November 3, 2015

Cornell Community Debates Merits of Trigger Warnings

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On Sept. 11, 2014, Hannah Dancy’s ’17 chemistry professor demonstrated the chemical reaction that occurred in explosions during the 2001 attacks on the Twin Towers. Dancy, who is from Manhattan, said she felt uncomfortable with the in-class demonstration and said she thought “people in that room who might have lost someone” might have felt even worse.

“My mom and dad watched the towers fall,” she said. “My mom still has really bad [post-traumatic stress disorder] from it. I was like, ‘I didn’t want to see that.’”

Before Dancy’s professor showed a slide about the demonstration, she said he had not warned students that they were about to see potentially upsetting material. This type of notification — commonly referred to as a trigger warning — lets students know in advance about topics that could cause negative emotional reactions. The warning allows students to prepare themselves mentally or excuse themselves from discussing a triggering topic.

Garnering National Headlines

Trigger warnings have garnered significant media attention lately, with many articles focusing specifically on the role these warnings should play in higher education.

An article published in The Atlantic in September argued that protecting students from upsetting material “prepares them poorly for professional life, which often demands intellectual engagement with people and ideas one might find uncongenial or wrong.”

Allowing students to see triggering material in classes without a warning could also act as exposure therapy — a process used to treat anxiety disorders by exposing people to their source of anxiety in small doses, the article argued.

However, responding to The Atlantic piece in an op-ed in The New York Times, Prof. Kate Manne, philosophy, defended her use of trigger warnings and said she has been using trigger warnings since she began to lecture.

By providing students a simple warning about potentially uncomfortable or sensitive topics ahead of time in the syllabus, Manne wrote that she hopes students are prepared for any emotional responses they may have and can better interact with course material.

“The thought behind trigger warnings isn’t just that these states are highly unpleasant (although they certainly are),” Manne wrote in the column. “It’s that they temporarily render people unable to focus, regardless of their desire or determination to do so. Trigger warnings can work to prevent or counteract this.”

Beyond the positive or negative effects of trigger warnings on the mental health of students, however, the debate surrounding trigger warning usage has extended to its implications with free speech. Some people worry that fear of showing potentially triggering material could hinder free speech, while others argued that trigger warnings create environments that better allow free speech.

In a meeting with reporters last month, President Elizabeth Garrett said while she “would never require” professors to warn students about triggers, she believes professors’ freedom to teach certain topics was inextricably tied to their freedom of speech.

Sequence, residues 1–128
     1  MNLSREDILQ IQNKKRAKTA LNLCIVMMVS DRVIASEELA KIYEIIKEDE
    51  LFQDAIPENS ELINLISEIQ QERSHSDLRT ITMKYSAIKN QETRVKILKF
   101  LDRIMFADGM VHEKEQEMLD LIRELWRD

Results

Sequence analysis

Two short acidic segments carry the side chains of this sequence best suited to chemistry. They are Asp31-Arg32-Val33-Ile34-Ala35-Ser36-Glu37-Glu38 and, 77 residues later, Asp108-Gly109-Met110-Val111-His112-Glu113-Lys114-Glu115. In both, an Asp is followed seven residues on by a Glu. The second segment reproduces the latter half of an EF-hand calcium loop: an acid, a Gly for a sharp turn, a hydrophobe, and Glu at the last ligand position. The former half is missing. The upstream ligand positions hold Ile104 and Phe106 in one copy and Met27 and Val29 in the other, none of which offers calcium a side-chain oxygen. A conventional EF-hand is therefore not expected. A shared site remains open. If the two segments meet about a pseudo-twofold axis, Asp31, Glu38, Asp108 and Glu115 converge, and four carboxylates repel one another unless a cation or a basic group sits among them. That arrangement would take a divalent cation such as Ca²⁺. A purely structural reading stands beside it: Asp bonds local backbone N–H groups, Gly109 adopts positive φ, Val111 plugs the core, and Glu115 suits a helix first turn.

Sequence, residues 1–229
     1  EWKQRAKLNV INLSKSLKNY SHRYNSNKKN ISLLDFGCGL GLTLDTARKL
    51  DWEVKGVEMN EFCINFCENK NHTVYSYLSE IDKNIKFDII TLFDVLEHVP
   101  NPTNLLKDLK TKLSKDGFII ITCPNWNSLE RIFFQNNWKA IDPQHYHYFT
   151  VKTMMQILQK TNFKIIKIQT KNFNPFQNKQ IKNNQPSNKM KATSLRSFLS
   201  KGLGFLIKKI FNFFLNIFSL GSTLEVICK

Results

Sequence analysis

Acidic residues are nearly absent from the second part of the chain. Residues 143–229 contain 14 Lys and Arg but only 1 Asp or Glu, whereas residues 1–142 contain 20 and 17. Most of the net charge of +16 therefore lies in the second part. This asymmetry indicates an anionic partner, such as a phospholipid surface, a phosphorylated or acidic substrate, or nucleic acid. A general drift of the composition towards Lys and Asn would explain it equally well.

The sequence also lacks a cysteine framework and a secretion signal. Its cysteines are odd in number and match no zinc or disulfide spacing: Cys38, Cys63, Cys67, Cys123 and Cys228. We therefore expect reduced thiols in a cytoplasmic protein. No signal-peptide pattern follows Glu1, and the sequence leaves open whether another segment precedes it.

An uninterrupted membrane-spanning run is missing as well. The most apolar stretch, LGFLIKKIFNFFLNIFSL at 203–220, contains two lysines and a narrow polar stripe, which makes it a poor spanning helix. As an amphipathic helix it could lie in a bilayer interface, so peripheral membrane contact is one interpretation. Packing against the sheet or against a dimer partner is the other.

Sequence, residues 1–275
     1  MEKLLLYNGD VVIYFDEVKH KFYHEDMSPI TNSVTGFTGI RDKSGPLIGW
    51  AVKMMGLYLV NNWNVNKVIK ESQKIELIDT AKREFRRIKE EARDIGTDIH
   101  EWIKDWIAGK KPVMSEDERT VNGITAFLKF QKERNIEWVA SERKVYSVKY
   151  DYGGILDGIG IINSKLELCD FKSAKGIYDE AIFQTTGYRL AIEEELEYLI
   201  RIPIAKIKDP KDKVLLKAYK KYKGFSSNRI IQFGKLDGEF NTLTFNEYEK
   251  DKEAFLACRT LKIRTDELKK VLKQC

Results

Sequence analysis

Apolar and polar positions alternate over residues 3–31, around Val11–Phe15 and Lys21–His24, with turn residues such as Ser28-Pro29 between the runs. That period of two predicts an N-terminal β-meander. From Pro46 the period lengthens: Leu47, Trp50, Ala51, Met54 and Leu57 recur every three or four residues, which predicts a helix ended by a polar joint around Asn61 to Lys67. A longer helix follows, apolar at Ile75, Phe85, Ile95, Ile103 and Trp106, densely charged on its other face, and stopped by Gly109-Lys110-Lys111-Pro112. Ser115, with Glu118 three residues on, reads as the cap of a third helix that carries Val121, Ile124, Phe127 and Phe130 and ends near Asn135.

“If they wish to do that, they have that right,” Garrett said. “If they wish not to do that, they also, in my view, have that right.”

‘This is the polite thing to do’

While Manne wrote that trigger warnings began on the Internet as a way to accommodate users with PTSD, Prof. David Pizarro, psychology, said that they have been around for a much longer time.

“I think professors have been aware that this is the polite thing to do for quite some time,” Pizarro said. “Ever since major academic institutions have had professors teach about things that are sensitive, kind and patient and good professors have tried to [warn their students].”

Explaining the use of the term “trigger,” Pizarro said it was used to account for a wide range of responses, but that the vagueness of the term had led to more debate on the topic.

“‘Trigger’ is a word we use to label when somebody does anything from becoming upset that a discussion is being had, all the way to having full-blown panic attacks or extreme anxiety,” Pizarro said. “It’s attempting to capture a whole wide range of discomfort.”

Prof. Julia Markovits, philosophy, specified that a trigger is linked to trauma.

A trigger is “a graphic or detailed depiction or discussion of a common cause of trauma … that may induce an extremely unpleasant, disorienting emotional and physical reaction in someone who has experienced such trauma,” Markovits said.

Student Reactions to Trigger Warnings

Just as academics and administrators have debated the topic, Cornell students have also remained split on the use of trigger warnings.

Sarah Zumba ’18, who defined triggers as something that causes “any kind of negative reaction, in your own personal version of what ‘negative’ means,” said she does not believe the argument against trigger warnings made sense. In particular, she said The Atlantic’s reasoning that trigger warnings were “coddling” the minds of college students “doesn’t make any sense.”

“They don’t have control over what might be triggering,” Zumba said. “You’re not coddling them [by providing trigger warnings], you’re preventing them from going through an ordeal.”

Dancy’s chemistry class was one of many small incidents of professors bringing up potentially triggering material in class. Students also expressed discomfort with graphic slides in anatomy classes and discussions of mental illness.

Rowan Garrison ’17 also expressed discomfort over professors “brushing over racism and sexism” in class.

“Professors shouldn’t talk about mental illnesses or rape in class in a way that they think nobody in the class has been affected,” Garrison said.

However, Julius Kairey ’15,  a former Sun opinion columnist, said students sometimes use the label of “trigger” simply to avoid topics they dislike. He added that discussing sensitive topics in class is an opportunity for students to expose themselves to a variety of viewpoints.

“It’s important that students deal with material that they might find objectionable, just so that they’re able to learn how other people think,” Kairey said.